Wharton professor Jeremy Siegel says predictions of a lost decade in the stock market are unfounded and 6% annual returns are likely after inflation

Wharton professor Jeremy Siegel
Wharton professor Jeremy Siegel is a long-time market commentator.REUTERS/Steve Marcus
  • Wall Street's growing chorus of a lost decade for stocks is unfounded, according to Wharton professor Jeremy Siegel.

  • Siegel believes the stock market could deliver annualized returns of 6% net of inflation going forward.

  • "If you're a long-term investor I would absolutely buy now. I think these are absolutely great long-term values," Siegel said. 

From Stanley Druckenmiller to Ray Dalio, there's a growing chorus on Wall Street that thinks the stock market is about to embark on a "lost decade," in which returns are virtually flat, similar to the mid-2000s or the 1970s.

Their concerns are valid when you consider the multi-decade highs in inflation, elevated geopolitical tensions with Russia, and surging volatility in global currency markets.

But Wharton professor Jeremy Siegel believes those views are unfounded, as he still expects healthy returns going forward for the stock market, according to an interview with CNBC on Friday.

"I disagree with that completely that the Dow or S&P 500 would be flat [over the next decade]," Siegel said, arguing that there is great value in current stock market prices.

"When you're talking about 16x earnings, and even if they're clipped by a recession, I think there are absolutely excellent values," Siegel said, though he admitted that in the short-term, "anything can happen... Could it go down more? Of course, in the short run. In bear markets it has gone down more."

In the short-term, investor concerns are increasingly focused on what the Federal Reserve does with interest rates as they continue to aim for lower inflation. Siegel thinks the Fed would be better served by looking at current market data rather than lagging economic indicators.

"The Fed has to be forward looking. They have to look at what's going on in the market, in the housing market, in the rental market, in the commodities market," Siegel said, referencing the drop in prices in recent weeks and months.

But all of this uncertainty ultimately represents a great opportunity for long-term investors, given the value Siegel currently sees in stock prices.

"If you're a long-term investor I would absolutely buy now. I think these are absolutely great long-term values," Siegel said.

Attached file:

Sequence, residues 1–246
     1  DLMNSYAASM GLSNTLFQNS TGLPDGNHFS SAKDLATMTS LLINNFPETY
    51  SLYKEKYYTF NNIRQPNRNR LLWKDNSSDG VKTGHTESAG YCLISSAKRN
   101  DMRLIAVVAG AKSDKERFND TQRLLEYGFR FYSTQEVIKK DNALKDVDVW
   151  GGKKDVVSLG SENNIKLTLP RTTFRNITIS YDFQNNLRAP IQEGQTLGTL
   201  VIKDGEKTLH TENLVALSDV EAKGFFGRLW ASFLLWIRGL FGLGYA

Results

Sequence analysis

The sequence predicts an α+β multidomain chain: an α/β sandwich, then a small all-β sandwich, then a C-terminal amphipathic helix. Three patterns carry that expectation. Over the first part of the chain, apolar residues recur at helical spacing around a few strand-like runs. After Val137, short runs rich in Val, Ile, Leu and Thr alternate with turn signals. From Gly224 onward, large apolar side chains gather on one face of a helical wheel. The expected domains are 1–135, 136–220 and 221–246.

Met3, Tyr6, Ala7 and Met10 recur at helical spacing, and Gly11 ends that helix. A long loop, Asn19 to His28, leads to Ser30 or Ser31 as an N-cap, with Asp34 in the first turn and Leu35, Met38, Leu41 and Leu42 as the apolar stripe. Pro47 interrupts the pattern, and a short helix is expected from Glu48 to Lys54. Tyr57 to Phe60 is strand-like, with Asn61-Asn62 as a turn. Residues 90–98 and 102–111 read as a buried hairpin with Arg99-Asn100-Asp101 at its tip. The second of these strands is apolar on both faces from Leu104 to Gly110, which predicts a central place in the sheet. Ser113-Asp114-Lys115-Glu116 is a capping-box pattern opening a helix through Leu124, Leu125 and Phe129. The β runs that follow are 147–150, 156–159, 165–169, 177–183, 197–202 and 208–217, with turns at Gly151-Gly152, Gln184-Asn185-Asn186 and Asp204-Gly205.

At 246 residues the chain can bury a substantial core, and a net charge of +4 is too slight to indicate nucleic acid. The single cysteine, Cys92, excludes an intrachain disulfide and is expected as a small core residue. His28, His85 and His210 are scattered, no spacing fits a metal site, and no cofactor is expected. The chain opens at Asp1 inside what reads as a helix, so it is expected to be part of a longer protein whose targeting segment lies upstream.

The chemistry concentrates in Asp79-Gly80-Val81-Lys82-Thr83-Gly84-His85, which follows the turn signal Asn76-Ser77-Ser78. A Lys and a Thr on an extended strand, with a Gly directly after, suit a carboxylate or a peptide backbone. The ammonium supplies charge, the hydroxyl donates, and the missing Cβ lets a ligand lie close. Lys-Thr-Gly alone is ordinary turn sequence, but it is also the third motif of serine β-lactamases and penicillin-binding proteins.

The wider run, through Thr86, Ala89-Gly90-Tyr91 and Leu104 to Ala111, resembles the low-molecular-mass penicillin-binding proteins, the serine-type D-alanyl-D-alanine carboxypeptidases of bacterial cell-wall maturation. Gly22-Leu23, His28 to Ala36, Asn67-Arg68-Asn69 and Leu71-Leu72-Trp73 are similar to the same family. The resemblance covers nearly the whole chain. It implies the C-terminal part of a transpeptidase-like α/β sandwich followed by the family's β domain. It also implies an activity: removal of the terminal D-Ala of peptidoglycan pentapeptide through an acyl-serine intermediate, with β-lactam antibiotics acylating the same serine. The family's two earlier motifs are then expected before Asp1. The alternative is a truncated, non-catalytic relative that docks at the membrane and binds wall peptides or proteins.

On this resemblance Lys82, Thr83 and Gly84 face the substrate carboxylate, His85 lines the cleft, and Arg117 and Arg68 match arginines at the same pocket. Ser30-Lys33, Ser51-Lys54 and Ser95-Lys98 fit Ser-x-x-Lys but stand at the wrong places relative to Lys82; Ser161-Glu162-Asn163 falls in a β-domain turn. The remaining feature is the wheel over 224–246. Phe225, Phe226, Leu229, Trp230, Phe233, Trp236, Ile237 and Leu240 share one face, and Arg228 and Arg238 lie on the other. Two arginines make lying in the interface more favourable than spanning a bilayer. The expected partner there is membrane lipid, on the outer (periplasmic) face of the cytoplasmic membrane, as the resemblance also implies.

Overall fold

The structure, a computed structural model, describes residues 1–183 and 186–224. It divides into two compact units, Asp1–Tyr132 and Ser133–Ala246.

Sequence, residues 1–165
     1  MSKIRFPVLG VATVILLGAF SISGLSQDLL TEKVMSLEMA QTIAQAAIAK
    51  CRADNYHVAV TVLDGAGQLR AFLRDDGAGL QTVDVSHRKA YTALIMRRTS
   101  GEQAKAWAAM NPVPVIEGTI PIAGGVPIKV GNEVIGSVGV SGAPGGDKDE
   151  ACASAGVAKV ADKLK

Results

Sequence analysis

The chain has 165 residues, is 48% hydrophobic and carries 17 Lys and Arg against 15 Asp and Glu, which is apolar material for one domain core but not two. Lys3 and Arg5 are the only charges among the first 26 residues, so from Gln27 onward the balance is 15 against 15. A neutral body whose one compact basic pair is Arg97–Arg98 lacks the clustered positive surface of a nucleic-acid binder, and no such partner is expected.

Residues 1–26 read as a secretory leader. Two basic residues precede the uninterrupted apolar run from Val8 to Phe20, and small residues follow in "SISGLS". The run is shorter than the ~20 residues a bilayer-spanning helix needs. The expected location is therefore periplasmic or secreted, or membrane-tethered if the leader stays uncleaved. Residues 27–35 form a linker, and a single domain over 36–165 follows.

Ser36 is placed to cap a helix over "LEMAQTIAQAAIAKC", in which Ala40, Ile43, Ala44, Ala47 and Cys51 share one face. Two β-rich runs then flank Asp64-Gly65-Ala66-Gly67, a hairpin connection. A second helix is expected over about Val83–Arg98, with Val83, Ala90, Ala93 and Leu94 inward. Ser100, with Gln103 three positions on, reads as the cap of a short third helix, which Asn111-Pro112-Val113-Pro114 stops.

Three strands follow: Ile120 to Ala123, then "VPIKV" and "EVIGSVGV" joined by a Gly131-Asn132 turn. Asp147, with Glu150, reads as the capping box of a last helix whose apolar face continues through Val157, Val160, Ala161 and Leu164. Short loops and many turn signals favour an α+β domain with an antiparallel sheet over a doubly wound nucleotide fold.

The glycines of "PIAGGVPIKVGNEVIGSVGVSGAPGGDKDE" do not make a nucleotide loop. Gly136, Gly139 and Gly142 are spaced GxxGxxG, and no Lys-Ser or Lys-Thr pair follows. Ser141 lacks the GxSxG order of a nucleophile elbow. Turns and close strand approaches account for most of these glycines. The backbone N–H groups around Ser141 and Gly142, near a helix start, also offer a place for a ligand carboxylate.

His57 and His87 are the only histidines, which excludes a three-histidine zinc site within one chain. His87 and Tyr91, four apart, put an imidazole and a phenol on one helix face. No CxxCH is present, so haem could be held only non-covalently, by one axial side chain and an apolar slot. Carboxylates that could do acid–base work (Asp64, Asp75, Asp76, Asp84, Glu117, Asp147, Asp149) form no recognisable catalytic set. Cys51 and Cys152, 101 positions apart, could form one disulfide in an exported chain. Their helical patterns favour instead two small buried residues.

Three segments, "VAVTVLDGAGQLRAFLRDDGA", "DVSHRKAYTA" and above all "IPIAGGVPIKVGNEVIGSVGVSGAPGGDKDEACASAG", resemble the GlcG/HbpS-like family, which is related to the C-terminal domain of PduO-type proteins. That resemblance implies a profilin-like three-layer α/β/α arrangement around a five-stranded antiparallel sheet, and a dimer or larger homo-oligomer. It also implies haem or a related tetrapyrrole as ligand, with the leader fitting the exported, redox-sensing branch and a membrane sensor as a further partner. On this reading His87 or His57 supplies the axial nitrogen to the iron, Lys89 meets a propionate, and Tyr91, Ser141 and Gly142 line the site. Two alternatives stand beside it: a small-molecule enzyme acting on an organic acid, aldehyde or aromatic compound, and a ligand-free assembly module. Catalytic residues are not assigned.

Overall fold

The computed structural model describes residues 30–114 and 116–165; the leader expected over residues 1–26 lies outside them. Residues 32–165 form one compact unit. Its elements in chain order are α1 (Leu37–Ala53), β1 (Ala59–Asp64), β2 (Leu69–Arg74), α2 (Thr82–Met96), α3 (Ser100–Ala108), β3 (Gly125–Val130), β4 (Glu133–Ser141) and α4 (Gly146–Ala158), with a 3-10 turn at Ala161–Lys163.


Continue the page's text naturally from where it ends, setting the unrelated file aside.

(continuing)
"To say 10 years from now we're going to have the same Dow when the earnings yields that I see on the market show that your returns are going to be probably in the neighborhood of 6% per year after inflation. That's a bit below the long-term average, but still much better than bonds, and certainly far above a flat average," Siegel said.

Another big difference between now and prior lost decades that began at peaks like in 2001 or the early 1970s is that the stock market is no longer at a peak.

"We're down 25% from the peak! You're not starting from a peak, and at that peak you're not starting at levels that too me were particularly overvalued. You're starting from a position, certainly not the cheapest that we've ever had, but certainly economic circumstances are not that negative at all," Siegel said.

Given the low unemployment rate and resilient consumer spending, Siegel is not wrong to say that the current economic circumstances look nowhere near as dire as they did during prior bear markets like in 2009.

Siegel recommended that investors take advantage of the current decline in stocks by buying index funds and owning exposure to value stocks, and to not get tempted by trying to time the stock market.

"A lot of these people say 'I see downside, another 15% [lower], and then I'm going to load up'... they all see short-term turmoil and [then] a long-term rally. My experience is when people get out and then it starts going down, they don't get back in until its much higher then the point that they get out. And that is the big danger," Siegel said.

"To try to time short-runs, even if you get out before the bottom, it's getting back in that's the hardest part," Siegel concluded.

Read the original article on Business Insider